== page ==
After the Great War, the house was acquired by Emma Reed, who later gifted another architectural treasure, the Tousley-Church House in Albion, to the Daughters of the American Revolution.

In 1919-20, with the help of architect Walter Landephear, Reed turned the Meeting House into a resort for the wealthy. Its interior is in the “Mission” style popularized by Elbert Hubbard and the Roycroft movement in East Aurora. Several of its light fixtures came from the Roycroft workshops, as did the wrought iron andirons and large living room fireplace. Dormers and an indoor swimming pool were added by a later owner. Current owner, Victor Monter, is credited with restoring and saving the structures, which was vacant for many years and in serious disrepair. He and his family reside here and operate it as an Airbnb.

Photo by Tom Rivers: The Hartland Historical Society is the caretaker of a one-room schoolhouse built in 1845. The building was used as a school for more than a century until 1947. This site is on the National Register of Historic Places. It’s at the corner of Carmen and Seaman roads.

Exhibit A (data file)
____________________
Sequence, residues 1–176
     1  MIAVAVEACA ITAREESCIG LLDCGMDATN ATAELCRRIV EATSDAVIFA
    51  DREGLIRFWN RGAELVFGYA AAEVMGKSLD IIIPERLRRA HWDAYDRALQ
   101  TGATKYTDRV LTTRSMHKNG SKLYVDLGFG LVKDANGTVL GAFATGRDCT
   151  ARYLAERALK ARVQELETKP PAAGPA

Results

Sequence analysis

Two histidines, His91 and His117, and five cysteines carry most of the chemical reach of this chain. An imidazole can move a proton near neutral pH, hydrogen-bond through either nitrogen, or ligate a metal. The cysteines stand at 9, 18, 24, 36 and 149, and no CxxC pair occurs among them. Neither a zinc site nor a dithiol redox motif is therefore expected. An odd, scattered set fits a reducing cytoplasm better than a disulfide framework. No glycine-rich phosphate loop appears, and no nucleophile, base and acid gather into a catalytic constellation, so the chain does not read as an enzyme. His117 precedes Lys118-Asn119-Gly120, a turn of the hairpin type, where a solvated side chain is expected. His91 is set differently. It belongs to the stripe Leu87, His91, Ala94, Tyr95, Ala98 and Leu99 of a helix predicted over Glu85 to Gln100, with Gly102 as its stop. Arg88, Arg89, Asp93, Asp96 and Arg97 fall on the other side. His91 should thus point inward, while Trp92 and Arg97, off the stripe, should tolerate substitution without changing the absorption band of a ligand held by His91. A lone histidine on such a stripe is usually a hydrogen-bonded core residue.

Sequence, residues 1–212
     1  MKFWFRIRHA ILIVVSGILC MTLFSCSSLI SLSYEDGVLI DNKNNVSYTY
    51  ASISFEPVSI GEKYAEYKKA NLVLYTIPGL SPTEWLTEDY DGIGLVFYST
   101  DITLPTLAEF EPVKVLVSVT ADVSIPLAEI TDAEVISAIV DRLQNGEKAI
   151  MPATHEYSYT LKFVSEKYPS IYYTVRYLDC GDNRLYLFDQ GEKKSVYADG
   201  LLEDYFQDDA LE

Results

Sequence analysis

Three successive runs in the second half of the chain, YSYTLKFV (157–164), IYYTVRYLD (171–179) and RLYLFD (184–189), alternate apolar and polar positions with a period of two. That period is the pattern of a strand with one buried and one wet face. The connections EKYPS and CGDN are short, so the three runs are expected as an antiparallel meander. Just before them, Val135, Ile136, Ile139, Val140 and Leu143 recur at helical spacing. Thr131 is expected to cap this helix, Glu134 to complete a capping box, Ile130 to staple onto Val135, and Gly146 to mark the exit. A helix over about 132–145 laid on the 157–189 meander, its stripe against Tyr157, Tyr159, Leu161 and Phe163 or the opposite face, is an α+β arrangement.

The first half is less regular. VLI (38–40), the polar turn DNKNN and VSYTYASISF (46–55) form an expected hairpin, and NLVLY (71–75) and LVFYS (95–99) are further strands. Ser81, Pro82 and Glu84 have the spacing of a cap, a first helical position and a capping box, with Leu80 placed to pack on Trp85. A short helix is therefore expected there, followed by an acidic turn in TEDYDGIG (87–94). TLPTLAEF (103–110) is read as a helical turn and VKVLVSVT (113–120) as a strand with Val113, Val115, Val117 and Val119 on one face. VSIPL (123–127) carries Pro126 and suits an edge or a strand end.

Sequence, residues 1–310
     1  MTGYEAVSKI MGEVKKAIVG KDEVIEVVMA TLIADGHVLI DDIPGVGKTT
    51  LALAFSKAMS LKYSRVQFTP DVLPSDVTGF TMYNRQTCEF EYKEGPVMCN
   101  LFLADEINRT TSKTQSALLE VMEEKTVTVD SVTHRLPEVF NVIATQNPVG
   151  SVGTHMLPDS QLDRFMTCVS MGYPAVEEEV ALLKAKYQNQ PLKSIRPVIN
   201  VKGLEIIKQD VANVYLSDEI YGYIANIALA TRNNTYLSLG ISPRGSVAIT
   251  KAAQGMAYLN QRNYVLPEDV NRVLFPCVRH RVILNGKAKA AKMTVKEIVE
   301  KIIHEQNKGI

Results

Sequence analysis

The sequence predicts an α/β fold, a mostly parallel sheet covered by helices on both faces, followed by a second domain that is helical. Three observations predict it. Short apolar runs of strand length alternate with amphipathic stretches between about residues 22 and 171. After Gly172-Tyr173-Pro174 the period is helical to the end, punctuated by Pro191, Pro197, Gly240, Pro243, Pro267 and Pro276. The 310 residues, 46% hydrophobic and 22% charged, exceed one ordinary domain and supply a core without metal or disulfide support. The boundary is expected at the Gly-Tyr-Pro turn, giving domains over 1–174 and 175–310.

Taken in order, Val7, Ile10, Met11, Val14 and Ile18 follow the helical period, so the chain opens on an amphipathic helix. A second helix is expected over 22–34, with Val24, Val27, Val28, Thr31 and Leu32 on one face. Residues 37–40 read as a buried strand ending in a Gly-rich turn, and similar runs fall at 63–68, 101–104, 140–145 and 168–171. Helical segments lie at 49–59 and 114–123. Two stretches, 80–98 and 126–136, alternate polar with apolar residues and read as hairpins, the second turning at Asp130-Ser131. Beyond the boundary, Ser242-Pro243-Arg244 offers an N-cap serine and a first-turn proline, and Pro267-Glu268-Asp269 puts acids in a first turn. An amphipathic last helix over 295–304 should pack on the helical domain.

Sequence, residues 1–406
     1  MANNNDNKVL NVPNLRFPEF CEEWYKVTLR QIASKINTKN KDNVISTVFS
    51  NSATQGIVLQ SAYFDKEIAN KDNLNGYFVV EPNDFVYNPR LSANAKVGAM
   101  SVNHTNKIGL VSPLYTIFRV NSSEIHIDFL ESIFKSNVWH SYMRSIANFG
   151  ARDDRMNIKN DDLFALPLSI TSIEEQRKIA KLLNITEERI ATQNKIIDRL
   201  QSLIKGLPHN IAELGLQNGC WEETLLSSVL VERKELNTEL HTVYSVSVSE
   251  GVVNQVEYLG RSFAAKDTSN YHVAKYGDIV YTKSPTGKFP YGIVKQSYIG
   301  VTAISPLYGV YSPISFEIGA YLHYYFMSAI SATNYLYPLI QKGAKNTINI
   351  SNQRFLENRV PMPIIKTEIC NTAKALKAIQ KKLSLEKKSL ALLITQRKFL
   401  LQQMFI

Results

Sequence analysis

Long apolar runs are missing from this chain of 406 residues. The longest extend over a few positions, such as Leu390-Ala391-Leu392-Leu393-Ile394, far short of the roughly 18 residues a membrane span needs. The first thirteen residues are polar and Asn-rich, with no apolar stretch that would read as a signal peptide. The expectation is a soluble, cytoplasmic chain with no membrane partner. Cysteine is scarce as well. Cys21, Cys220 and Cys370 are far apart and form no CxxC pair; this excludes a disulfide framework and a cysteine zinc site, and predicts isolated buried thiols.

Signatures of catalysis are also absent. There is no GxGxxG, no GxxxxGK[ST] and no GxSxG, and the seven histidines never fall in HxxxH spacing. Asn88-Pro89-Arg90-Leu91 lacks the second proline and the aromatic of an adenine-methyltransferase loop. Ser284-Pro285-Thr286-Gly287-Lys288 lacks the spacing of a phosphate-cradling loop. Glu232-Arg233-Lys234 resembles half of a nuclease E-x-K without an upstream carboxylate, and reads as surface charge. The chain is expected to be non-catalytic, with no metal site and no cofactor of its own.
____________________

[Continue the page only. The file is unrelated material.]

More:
District No. 10 Cobblestone Schoolhouse – This historic one-room schoolhouse is a one-story cobblestone structure built about 1845 in the Greek Revival style. It features smooth, slightly irregularly shaped and variously colored cobbles in its construction. It operated as a school until 1947, when it was converted into a private residents. It was recently acquired by the Hartland Historical Society, and is one of 47 cobblestone structures in Niagara County.

Babcock House Museum – This cobblestone Greek Revival home was built in 1848 by Jeptha Babcock near the shores of Lake Ontario. He was a farmer, first postmaster in the town of Somerset and a New York State Assemblyman.

After a succession of owners, the New York State Electric and Gas eventually acquired the property in 1982 as part of its news electric generating plant on the shores of Lake Ontario in Somerset. An agreement was signed in 1987 allowing the town of Somerset Historical Society to operate the Babcock House Museum and Visitors’ Center.